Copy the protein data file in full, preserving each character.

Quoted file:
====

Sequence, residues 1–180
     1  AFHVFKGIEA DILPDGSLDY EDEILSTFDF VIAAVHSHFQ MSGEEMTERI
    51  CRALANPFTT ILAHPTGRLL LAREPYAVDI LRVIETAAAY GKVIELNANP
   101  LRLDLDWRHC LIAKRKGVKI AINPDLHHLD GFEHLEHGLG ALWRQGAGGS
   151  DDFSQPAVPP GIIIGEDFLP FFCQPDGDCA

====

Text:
Sequence, residues 1–180
     1  AFHVFKGIEA DILPDGSLDY EDEILSTFDF VIAAVHSHFQ MSGEEMTERI
    51  CRALANPFTT ILAHPTGRLL LAREPYAVDI LRVIETAAAY GKVIELNANP
   101  LRLDLDWRHC LIAKRKGVKI AINPDLHHLD GFEHLEHGLG ALWRQGAGGS
   151  DDFSQPAVPP GIIIGEDFLP FFCQPDGDCA